The Dream Defenders have just ended a 31-day sit-in at Florida's capitol, but say they'll be back when the legislature returns. Their efforts to get the law repealed have so far been rebuked based on Governor Scott's claim that the law has already been reviewed, and found to be flawless. My new op-ed for Al Jazeera English, The 'Dream Defenders' would defend us all reveals this rationale for the flimsy house of cards it is, including the put-up job of the politically stacked panel, and the major reforms that were actually proposed by the only prosecutor on the panel--and endorsed by the panel co-chair. But it also cites some of the overwhelming evidence that the panel chose to ignore, showing how the law is protecting career criminals, not law-abiding citizens, and it goes back to the number one anecdote used to push the law through in the first place--and finds that, lo and behold, what actually happened was nothing outrageous at all. Here's how the piece begins:
The 'Dream Defenders' would defend us all
The 'stand your ground' law affects more than African Americans - it affects everyone.
Weeks have passed since George Zimmerman was acquitted of killing Trayvon Martin in mid-July, but a group of young activists known as the Dream Defenders only recently ended their occupation of the state capitol building in Tallahassee, where they called for a special session of the legislature to repeal Florida's so-called "stand your ground" (SYG) law, confront racial profiling, and end the school-to-prison pipeline.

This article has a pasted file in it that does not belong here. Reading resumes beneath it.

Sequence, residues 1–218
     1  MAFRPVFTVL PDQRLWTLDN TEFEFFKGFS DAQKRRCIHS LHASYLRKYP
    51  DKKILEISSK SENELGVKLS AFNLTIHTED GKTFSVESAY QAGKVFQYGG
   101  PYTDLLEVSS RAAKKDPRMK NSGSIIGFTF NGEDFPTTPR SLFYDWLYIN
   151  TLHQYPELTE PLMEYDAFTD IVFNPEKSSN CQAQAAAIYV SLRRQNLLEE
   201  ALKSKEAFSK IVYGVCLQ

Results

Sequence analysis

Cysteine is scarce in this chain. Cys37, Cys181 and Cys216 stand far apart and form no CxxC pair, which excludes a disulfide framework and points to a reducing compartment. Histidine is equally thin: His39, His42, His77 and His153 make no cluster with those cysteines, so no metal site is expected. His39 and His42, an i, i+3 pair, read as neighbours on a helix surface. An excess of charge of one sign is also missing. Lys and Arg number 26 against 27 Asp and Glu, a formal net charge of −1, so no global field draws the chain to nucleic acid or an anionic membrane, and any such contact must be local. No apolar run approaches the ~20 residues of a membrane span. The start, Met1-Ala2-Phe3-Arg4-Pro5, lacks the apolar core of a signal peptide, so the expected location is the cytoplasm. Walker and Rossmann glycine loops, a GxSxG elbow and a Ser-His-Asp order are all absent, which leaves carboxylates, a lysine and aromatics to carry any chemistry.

They were right to do so for four main reasons:
- the "stand your ground" law is badly flawed, and the evidence is overwhelming;
- it was directly implicated in Zimmerman's acquittal, even though Zimmerman's lawyers did not explicitly invoke a "stand your ground" defence;
- the law highlights and intensifies the broader problems of racial profiling, and the criminalisation of minority youth;
- America badly needs a reborn civil rights movement, and the Dream Defenders are the perfect catalyst, like the Freedom Riders and the lunch counter sit-in protesters who played key roles at times when the Civil Rights Movement needed rejuvenation, and the Student Non-violent Coordinating Committee, which played a key role organising young activists and putting them on the front lines of struggle.
Read the whole op-ed here.